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IMF to review financial system oversight

NZ NewswireNZ Newswire 27/04/2016 Paul McBeth

The International Monetary Fund will look at the Reserve Bank's oversight of the insurance and banking sectors, and review the overhaul of New Zealand's securities law to see how the country stacks up against global norms.

New Zealand's central bank is leading the local response to the IMF's first review under its financial sector assessment programme (FSAP) since 2004, the RBNZ said.

The review will be held in two parts, with the first assessing the banking sector, crisis management frameworks, the insurance sector, and financial market infrastructure. The second "main" assessment in November will review securities regulation, the central bank's macro-prudential policy framework, and stress test the nation's lenders.

"The benefits of an FSAP for New Zealand include identifying any 'gaps' that might exist across New Zealand's regulatory frameworks," the RBNZ said in a Bulletin report.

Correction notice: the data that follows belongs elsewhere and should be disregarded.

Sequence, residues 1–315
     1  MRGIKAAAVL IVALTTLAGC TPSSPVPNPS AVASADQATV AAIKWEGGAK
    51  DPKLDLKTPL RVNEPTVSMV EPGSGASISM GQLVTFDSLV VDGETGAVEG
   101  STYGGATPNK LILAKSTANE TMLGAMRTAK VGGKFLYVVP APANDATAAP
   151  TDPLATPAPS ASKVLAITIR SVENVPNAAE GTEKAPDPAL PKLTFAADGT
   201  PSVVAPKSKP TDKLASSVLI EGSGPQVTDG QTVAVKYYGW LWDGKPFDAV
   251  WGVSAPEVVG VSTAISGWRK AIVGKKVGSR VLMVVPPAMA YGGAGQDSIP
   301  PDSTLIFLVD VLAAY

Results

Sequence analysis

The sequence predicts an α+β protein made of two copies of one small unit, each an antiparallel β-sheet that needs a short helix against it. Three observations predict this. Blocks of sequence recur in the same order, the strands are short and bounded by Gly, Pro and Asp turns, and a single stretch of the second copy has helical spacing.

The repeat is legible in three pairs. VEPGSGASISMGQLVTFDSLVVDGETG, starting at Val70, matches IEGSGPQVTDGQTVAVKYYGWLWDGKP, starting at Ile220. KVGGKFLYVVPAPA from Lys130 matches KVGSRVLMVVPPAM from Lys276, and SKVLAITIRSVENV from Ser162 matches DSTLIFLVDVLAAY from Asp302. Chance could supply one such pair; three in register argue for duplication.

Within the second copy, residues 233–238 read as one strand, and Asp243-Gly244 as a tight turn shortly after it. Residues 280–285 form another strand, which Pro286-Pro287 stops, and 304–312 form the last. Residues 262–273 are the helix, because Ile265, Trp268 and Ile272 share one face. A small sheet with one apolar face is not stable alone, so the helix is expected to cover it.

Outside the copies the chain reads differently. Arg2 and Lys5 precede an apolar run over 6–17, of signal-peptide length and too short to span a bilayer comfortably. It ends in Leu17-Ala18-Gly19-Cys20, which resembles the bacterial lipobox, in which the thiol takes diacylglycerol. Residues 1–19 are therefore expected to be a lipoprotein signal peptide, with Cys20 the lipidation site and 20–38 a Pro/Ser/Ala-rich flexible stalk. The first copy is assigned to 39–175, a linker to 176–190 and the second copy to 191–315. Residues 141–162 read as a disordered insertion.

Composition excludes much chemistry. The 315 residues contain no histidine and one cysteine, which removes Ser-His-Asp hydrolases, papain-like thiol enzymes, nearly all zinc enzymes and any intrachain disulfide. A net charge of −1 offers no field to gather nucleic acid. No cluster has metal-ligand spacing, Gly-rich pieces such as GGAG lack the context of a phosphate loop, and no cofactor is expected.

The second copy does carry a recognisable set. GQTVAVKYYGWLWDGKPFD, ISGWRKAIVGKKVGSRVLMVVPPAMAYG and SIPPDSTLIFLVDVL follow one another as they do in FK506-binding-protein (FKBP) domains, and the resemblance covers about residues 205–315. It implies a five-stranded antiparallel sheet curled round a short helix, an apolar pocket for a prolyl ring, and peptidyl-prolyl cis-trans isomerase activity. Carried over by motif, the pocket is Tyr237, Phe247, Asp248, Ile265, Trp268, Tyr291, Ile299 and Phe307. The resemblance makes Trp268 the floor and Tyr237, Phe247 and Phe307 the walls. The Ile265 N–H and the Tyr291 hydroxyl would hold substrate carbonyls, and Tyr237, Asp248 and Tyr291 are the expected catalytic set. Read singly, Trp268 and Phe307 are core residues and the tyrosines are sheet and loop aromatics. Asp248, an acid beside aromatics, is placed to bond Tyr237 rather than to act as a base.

The review will be completed before RBNZ governor Graeme Wheeler's five-year term ends in September next year when the bank's policy target agreement is reviewed.

The RBNZ said a favourable finding by the IMF would help improve perceptions that New Zealand has a well-regulated financial sector, which would support investor confidence and further market development.

Because New Zealand isn't one of the 29 jurisdictions deemed "systemically important" the review is voluntary, and the RBNZ said authorities started looking at when to have another assessment four years ago.

That was put off due to the recent establishment of the Financial Markets Authority, which oversees securities law, and the implementation of Basel III banking rules.

New Zealand's banking and insurance sectors will undergo a full graded assessment, meaning they will be measured against international norms while securities law and financial market infrastructure will face limited reviews which aren't graded.

The crisis management and macro-prudential frameworks will be the subject of technical notes, as will a stress testing exercise.

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